Second i'll talk about the adventure. Let me reference another WOTC product; "The Shattered Gates of Slaughtergarde" which is a 3.5 mini campaign setting similar to an earlier prodcut for basic Dungeons & Dragons called Thunder Rift released in 1992 by TSR. I also need to reference the Keep on the Borderlands which I mention briefly in a previous post. All of these products have the common purpose of being 'sandbox' settings that can be dropped into any pre-exsisting setting and are excellent starting adventures for any players from experienced to NEWB.

Indeed Shadowfell is organized almost identical to that of Slaughtegarde which seemed to be a 'feel out' product to see how the gaming community would accept the new format. While it's not 'old school' which makes me a little sad inside I will say that this format is fantastic for the Dungeon Master. The encounters are mapped out nicely and clearly detailed to make it easier to run the encounters and play the game overall. I'll go out on a limb and say that even though I haven't finished the 80 page adventure booklet, mostly because I don't RP anymore so i'm lazy as hell, it is a fine adventure module and filled with action. I'm not shitting you here either, the FIRST encounter has about ten monsters in it. I won't go into painful details but damn, I remember my first days with Thife the Magic-user and his one magic missile spell. You run into ten kobolds, you get the fcuk out of there. But of course, Thife had 3 hit points, not 25 like the lazy wizards of today.

Saturday, May 10, 2008

I forgot to tell you...

...about the turning house rules we use.

Well, maneuvering house rules we use for Warhammer Fantasy Battles.

The rules are written where when a regiment of soldiers wants to turn, but not do a 180 or 90 degree turn, they wheel. Wheeling involves one of the front corners remaining stationary while the other angles around until the front is facing the way you want it to. This sounds easy but when measuring it out its really kind of a bitch to do. So the Dirty Gnomes, endeavoring always to increase fun and decrease Lizardking's bitching levels have house ruled it just like this;

All infantry regiments receive two wheels during the course of their movement be it a walk, march, or charge. All cavalry regiments receive three wheel maneuvers during the course of their movement. These do not affects the total available forward movement the unit has at the beginning of its movement and these wheels are not affects by difficult terrain although they are by blocking terrain as normal.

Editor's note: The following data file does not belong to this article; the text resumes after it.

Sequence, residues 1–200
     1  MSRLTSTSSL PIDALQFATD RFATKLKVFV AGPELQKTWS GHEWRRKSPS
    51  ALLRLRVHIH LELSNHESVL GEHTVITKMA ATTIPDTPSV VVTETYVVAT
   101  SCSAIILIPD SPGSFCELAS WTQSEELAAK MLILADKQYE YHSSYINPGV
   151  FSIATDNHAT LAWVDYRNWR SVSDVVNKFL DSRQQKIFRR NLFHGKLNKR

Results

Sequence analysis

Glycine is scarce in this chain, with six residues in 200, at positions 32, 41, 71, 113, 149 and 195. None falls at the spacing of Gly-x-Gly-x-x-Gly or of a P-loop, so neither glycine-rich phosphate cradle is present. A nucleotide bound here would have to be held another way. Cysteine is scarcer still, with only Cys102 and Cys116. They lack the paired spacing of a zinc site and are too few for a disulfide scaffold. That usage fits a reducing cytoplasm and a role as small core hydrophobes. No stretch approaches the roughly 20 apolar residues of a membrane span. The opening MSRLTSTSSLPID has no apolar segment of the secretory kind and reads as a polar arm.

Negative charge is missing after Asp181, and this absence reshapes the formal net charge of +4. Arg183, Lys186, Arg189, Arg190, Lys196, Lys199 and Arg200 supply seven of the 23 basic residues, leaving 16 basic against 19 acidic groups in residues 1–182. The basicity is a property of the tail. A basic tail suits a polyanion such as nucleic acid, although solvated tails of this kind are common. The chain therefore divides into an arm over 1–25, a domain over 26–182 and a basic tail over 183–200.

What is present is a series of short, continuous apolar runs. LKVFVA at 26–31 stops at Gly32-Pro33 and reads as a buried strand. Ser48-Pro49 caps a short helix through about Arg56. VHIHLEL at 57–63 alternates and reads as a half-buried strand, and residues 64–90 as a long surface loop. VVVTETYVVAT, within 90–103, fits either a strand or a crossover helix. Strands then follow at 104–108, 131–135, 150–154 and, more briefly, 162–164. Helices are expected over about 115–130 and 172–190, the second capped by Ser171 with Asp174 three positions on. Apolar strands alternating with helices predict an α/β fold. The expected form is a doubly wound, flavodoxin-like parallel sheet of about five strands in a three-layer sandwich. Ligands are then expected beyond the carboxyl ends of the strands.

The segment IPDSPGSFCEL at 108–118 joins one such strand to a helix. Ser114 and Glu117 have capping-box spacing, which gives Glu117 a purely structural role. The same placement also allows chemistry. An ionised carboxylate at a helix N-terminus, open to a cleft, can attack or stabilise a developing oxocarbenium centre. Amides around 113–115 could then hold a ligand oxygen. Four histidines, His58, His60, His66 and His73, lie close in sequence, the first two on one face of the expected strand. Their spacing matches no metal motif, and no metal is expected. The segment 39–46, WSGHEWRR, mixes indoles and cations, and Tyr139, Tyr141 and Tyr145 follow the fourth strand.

Now, arguably this makes all the regiments move faster, but, since everything basically gets to move just the same amount faster it isn't a big deal. What it does do is cut down on the time it takes to move a unit of my saurus cavalry from point a, to point b, wheel, then to point c. It also serves to incfrease the over all tactical movement of the game while preventing it from taking on the aspects of a skirmish game.

Tuesday, May 6, 2008

Aggression Rules for Warhammer Fantasy

My group is majorly back into warhammer fantasy. We missed it alot, it is a solid game for us and is always fun. We are older now and less obsessive with WYSIWYG rules so we have an easier time with the play of the game. As such, we also modified some of the rules, HOUSING them as it were to improve them to our style. This is a presentation of a new rule that i'm going to reveal to my group the next game night but i'll also post our turning rules below. I got the Agression rules from DBA and it's modified a little so it's not completely theft, just mostly theft.


Anyway, Agression works like this. Each army has an aggression factor that indicates the number of dice that are rolled before battlefield set up. The army that rolls the highest dice (not cumulative score) is the Attacker, the other is the Defender.

The Defender gets to set up the terrain on the table and also gets one fortified position, this could be a wall or a building with a unit already in it but they have to set up their entire army first. On top of that the Attacker gets to pick his table edge to come in from (which is done before terrain set up) and after the battle field is built but before the defenders deploy he gets to shift a number of pieces of terrain equal to his army's aggression score. This is representative of the defenders picking the best possible place to hold off the foe figuring in the speed of the attackers approach, you don't always get what you want but you take the best you can get. Normal terrain rules must be maintained when the attacker moves the elements and it is best if no more than 1 element is on the table for ever 2 square feet (or 4 on our game board of four feet by four feet).

The idea behind this system is to give a feeling of an attacker and a defender, different from a meeting engagement kind of battle. This also will mean that more apparently aggressive armies, such as daemons and orcs will be the attackers more which fits their theme. Below i've listed the agression scores for each army as I see them in alphabetical order:

Beasts of Chaos: 3
Brettonnia: 1
Daemons of Chaos: 3
Dark Elves: 2
Dwarfs: 1
Empire: 1
Giants & Dogs of War: 2
High Elves: 2
Hordes of Chaos: 3
Lizardmen: 2
Ogre Kingdoms: 2
Orcs & Goblins: 2
Skaven: 2
Tomb Kings: 1
Vampire Counts: 2
Wood Elves: 1